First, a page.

homemade ravioli
All three fillings will keep well in the refrigerator for a day or two, so feel free to make them the day before.

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{ 27 comments… read them below or add one }

Amanda February 20, 2013 at 12:03 pm

Love this idea! No one in the house could decide whether they wanted pulled pork or ravioli tonight, so we’re borrowing your idea and making both. Thanks for writing this!!

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Toye April 29, 2013 at 1:58 am

So I love to cook and probably should have been born Italian….I suddenly had a craving for homemade fried ravioli…this recipe just changed my culinary life….who knew it would be this easy……I make home made rolls bread sticks all the time…..by hand… thank you….i get so creative in the kitchen this will add to my culinary resume (prowess)

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Kevin August 26, 2013 at 6:38 pm

Hi,

i would like to make this in home more precise and quick so I wonder if you know some machine or mold to make this, or wherever I could get it.
Your help will be highly appreciated.
thanks
kevin

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Casey Barber Casey Barber August 27, 2013 at 10:11 am

Kevin, although this post focuses on way to make ravioli without machines or molds, a number of options are available at specialty kitchen stores like Williams-Sonoma or Sur la Table, or on Amazon.

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Kevin August 27, 2013 at 10:30 am

Thanks a lot Casey! have a nice day!

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Tessa October 5, 2013 at 9:50 pm

But how long do you boil the ravioli for???

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Casey Barber Casey Barber October 6, 2013 at 10:08 am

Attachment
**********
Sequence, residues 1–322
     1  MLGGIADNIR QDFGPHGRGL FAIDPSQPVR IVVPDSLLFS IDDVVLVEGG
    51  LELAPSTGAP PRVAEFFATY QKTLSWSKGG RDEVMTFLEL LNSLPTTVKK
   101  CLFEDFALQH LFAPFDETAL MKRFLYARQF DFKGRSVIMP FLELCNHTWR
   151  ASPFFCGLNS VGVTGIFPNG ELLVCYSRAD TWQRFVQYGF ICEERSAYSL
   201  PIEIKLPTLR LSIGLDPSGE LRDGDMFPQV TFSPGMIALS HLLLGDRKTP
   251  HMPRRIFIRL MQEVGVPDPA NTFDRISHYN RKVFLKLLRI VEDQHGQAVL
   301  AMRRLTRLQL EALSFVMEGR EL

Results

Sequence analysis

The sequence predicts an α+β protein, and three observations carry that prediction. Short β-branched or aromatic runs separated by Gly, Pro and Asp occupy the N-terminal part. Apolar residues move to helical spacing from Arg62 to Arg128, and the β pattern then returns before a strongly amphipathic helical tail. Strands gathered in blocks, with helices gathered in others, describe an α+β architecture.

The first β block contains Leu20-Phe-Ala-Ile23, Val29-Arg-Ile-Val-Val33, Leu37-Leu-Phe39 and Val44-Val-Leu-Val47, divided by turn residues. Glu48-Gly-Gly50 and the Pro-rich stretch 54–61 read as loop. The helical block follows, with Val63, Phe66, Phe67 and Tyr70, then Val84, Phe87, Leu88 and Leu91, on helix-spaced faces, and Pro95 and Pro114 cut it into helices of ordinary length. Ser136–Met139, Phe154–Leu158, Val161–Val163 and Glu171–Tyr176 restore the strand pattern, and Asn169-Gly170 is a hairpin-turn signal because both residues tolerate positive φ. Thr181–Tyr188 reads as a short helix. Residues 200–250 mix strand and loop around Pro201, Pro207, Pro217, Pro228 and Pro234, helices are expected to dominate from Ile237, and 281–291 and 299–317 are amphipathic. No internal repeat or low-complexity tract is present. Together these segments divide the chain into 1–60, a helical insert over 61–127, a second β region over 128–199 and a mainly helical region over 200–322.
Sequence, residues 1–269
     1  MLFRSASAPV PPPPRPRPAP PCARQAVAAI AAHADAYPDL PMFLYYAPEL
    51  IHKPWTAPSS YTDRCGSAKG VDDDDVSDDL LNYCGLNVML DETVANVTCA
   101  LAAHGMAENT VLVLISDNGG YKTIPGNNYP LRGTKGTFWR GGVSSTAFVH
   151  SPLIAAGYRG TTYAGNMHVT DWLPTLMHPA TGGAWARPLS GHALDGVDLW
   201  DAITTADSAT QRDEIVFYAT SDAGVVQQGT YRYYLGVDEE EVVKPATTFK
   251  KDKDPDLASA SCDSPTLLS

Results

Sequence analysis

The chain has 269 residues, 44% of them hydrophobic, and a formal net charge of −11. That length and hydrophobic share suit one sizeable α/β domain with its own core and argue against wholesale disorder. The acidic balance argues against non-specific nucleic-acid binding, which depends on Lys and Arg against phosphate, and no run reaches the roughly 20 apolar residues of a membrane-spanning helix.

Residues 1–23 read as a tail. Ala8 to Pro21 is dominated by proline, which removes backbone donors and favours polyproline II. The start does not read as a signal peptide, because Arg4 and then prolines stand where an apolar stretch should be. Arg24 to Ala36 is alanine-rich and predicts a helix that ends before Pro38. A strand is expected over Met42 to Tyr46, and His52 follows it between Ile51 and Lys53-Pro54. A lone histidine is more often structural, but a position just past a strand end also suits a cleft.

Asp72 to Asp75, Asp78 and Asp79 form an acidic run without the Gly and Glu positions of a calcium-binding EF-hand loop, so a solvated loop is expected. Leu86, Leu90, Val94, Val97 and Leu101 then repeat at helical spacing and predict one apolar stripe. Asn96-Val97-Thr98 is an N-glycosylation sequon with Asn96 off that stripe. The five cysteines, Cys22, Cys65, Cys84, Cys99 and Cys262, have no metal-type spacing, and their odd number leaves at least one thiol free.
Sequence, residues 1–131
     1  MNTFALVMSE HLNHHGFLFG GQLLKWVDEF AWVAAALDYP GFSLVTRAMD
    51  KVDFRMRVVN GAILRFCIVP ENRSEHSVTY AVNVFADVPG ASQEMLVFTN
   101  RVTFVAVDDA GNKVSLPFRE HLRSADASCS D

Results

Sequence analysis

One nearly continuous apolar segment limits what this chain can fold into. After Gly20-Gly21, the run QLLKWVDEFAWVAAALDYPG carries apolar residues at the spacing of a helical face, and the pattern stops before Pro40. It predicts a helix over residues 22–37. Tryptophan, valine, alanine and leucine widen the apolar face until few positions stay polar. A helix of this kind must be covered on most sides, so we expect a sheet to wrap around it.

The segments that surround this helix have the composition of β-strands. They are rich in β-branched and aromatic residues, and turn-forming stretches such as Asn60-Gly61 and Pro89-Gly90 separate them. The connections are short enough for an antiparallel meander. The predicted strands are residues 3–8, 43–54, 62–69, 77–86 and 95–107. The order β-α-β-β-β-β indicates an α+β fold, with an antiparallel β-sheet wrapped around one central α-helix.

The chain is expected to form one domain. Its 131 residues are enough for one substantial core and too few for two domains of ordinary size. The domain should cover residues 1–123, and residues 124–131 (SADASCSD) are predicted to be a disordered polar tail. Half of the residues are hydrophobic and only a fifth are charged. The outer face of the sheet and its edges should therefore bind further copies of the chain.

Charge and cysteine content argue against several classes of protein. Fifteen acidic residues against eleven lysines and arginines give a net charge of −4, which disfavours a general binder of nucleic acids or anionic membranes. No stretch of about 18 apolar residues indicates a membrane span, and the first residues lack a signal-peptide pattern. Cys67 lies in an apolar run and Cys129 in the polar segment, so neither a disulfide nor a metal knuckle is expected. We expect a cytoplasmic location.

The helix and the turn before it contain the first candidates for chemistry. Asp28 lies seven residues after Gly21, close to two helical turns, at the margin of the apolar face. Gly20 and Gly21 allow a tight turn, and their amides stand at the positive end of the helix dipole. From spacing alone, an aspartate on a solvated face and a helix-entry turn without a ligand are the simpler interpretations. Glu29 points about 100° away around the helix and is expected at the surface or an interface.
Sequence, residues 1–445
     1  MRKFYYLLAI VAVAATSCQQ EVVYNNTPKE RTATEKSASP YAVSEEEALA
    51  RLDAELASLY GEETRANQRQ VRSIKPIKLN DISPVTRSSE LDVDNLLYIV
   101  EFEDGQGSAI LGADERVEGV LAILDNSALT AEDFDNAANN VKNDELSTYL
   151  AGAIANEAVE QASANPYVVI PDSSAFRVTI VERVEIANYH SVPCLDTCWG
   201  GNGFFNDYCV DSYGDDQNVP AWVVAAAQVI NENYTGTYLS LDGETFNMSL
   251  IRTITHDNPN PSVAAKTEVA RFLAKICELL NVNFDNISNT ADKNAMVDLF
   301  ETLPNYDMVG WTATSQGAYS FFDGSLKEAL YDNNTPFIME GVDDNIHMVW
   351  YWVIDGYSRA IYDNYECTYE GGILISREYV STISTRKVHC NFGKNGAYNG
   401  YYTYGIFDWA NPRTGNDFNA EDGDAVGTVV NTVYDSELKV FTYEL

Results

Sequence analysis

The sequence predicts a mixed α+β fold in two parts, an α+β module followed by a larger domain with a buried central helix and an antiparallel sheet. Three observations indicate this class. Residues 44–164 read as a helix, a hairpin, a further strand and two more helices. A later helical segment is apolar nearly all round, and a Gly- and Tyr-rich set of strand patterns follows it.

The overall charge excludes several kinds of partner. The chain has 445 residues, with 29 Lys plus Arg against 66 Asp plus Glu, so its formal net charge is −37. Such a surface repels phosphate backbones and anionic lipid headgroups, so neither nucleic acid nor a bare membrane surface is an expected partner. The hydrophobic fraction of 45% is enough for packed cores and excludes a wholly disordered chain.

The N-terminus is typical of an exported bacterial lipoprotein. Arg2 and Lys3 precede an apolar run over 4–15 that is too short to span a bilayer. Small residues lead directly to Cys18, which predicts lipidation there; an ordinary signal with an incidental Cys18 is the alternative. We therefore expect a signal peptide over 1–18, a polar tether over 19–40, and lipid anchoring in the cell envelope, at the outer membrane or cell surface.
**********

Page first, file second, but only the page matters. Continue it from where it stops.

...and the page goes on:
The ravioli just need a few minutes of boiling time before they’re done, since they’re made from fresh pasta dough. Typically waiting to see them float is a good visual cue to determine doneness (this goes for frozen ravs and tortellini too!).

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Kevin from Idaho October 9, 2013 at 10:39 am

Thanks for the technique. I also have been kind of hesitant to attempt ravioli. Tonight I am going for it!

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Jamie Kozie October 15, 2013 at 8:51 pm

Thank you for posting this. I used your dough and made a turkey butternut squash filling, it turned out great for my first time attempt at a fresh pasta recipe! Yum!

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andrea maphies October 19, 2013 at 6:51 pm

alright, going for this tonight, my first time trying ravioli…I am doing a Italian sausage, ricotta, and kale filling..

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Shelly from Minneapolis November 24, 2013 at 10:27 am

Love this and thank you very much to allow me to do this without electrical assistance. I do need my hand held a bit more…what are you doing for sauces or simple additions for finishing the dish? Your picture with the herbs, and parmesan(?) looks fantastic.

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Casey Barber Casey Barber November 24, 2013 at 10:50 pm

Shelly, you could simply melt butter in a saucepan and then sprinkle chopped herbs like sage, parsley, or basil into the pot to make a very easy sauce. Garnish with Parmesan or Pecorino and you’re good to go! Or you can use your favorite tomato sauce, make pesto with your favorite herbs, or try this rich mushroom sauce recipe from The Kitchn. Play around and see what you like!

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julia December 30, 2013 at 3:35 pm

Do you have any good fillings made out of hamburger

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Fiona March 20, 2014 at 7:51 pm

Yes use leftover hamburger meat chop into small pieces put cheddar cheese with it. Use salt and pepper for flavor and presto it is done.

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shawna January 2, 2014 at 5:15 pm

how can I make beef raviolis without a blender or a handroller is it possible please help me want to know